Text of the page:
On the morning of June 25, 1957, a small German car pulled up outside the two-story, white-shingled Army dormitory in Huntsville that served as the courthouse for United States v. John C. Nickerson Jr. Wearing his colonel’s uniform, Nickerson emerged from the car and strode toward the building. Then he did it again. There were 75 credentialed reporters watching his arrival (Anderson was among them), and the photographers needed to get the shot right.

The jury comprised five generals and five colonels. A law officer served as a judge. Following some formalities, the military prosecutor announced to the courtroom’s surprise that the government was dropping the Espionage Act charge (and the charges of lying to the inspector general). The Espionage Act charge—more so than the lesser security-regulation charges—would require the introduction of a substantial volume of classified evidence. To prosecute Nickerson for compromising government secrecy was to risk further compromising government secrecy. That risk, in the prosecution’s calculus, was greater than the benefit of an Espionage Act conviction.

Asked how their client pleaded to the remaining charges of mishandling classified information, Nickerson’s attorneys requested a recess—“in view of the turn of events.” Wire-service reporters skittered to telephones. But Nickerson’s wife—in a pink cotton-knit dress and pink straw hat—sat impassively next to two of her children. They knew what the reporters didn’t: The dramatic pause in proceedings was as choreographed as Nickerson’s second stroll from the car. The colonel had signed a plea agreement three days earlier. But the break gave him the opportunity to take a public jab at the prosecution. “I always hoped they would drop those charges,” Nickerson told reporters. “I felt somewhat bitter that they didn’t before.”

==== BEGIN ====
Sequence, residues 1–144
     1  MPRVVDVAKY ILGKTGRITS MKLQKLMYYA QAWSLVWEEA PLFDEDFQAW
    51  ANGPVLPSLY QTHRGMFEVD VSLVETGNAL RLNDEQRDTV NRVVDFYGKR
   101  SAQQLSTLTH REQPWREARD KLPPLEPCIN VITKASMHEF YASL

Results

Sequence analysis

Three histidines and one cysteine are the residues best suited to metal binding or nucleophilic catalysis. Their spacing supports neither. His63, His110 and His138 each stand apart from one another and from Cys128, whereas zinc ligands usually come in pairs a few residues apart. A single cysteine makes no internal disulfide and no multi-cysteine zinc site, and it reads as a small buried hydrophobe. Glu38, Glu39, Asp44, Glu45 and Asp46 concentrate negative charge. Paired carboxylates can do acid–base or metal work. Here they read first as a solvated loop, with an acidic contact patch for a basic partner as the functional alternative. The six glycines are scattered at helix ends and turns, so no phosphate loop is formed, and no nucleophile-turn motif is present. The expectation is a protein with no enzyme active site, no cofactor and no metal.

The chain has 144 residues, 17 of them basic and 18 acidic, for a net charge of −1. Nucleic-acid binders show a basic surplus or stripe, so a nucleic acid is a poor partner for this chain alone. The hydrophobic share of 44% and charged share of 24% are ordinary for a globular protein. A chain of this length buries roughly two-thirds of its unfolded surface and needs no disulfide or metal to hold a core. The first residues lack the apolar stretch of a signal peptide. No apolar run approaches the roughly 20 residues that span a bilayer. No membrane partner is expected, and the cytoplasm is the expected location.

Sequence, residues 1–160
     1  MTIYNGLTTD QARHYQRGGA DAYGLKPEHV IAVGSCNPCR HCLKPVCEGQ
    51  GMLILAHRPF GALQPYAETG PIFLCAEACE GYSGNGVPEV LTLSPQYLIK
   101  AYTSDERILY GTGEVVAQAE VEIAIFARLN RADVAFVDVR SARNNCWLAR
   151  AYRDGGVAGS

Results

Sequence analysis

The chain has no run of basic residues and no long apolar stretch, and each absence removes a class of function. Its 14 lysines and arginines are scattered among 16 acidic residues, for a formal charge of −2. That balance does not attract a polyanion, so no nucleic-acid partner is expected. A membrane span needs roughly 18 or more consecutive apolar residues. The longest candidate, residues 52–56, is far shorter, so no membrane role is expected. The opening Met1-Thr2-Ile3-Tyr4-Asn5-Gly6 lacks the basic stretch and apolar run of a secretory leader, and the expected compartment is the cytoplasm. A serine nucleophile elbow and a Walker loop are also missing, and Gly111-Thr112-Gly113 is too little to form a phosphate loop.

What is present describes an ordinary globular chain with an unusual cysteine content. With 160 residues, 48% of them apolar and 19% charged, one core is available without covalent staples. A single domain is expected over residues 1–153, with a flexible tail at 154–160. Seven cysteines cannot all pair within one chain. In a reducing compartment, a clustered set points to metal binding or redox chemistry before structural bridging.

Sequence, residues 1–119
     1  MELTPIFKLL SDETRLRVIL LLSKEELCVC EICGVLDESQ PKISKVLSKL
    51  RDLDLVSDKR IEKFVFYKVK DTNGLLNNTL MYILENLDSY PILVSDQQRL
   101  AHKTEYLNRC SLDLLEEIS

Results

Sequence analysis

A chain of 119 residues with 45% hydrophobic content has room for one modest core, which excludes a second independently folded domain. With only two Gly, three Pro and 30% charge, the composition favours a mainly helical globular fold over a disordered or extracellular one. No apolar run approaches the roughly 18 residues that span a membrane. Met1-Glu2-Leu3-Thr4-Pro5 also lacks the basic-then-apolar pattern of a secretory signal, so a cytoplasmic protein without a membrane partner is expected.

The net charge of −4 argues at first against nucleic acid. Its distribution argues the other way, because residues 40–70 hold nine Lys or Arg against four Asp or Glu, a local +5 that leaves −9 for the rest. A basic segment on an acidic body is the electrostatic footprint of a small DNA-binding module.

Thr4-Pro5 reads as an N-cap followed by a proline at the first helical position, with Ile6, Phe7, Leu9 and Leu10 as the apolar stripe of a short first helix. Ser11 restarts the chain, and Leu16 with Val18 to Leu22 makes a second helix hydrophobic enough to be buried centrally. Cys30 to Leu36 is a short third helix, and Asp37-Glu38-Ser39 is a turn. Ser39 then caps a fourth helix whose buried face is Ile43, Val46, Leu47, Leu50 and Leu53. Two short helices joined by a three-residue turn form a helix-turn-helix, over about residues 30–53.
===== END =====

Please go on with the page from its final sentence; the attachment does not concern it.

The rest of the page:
Fifteen minutes later, Bell told the court martial—in what a Baltimore Sun reporter described as “softer, slurred Alabama tones” to distinguish his manner of speech from Jenkins’s “heavy mountain accent”—that his client pleaded guilty to the remaining charges. To the Associated Press, this was a “surprise plea.” To The New York Times, the dropped charges and plea were a “double surprise.” The dramatic pause had achieved its desired effect. The Sun reporter added a theatrical flourish: Nickerson’s wife, he observed, teared-up as her husband affirmed his plea.

But that was only the first act. The verdict sheet before the court martial outlined a number of possible fates: dismissal from the service, forfeiture of all pay, steep fines, even hard labor. Under the military justice system, the defense could call witnesses to demonstrate that Nickerson deserved leniency. Over the next four days, old friends and colleagues testified about Nickerson’s World War II heroics. Von Braun and one of his deputies credited Nickerson with securing the Jupiter project, criticized Army overclassification, and downplayed the sensitivity of what Nickerson had disclosed.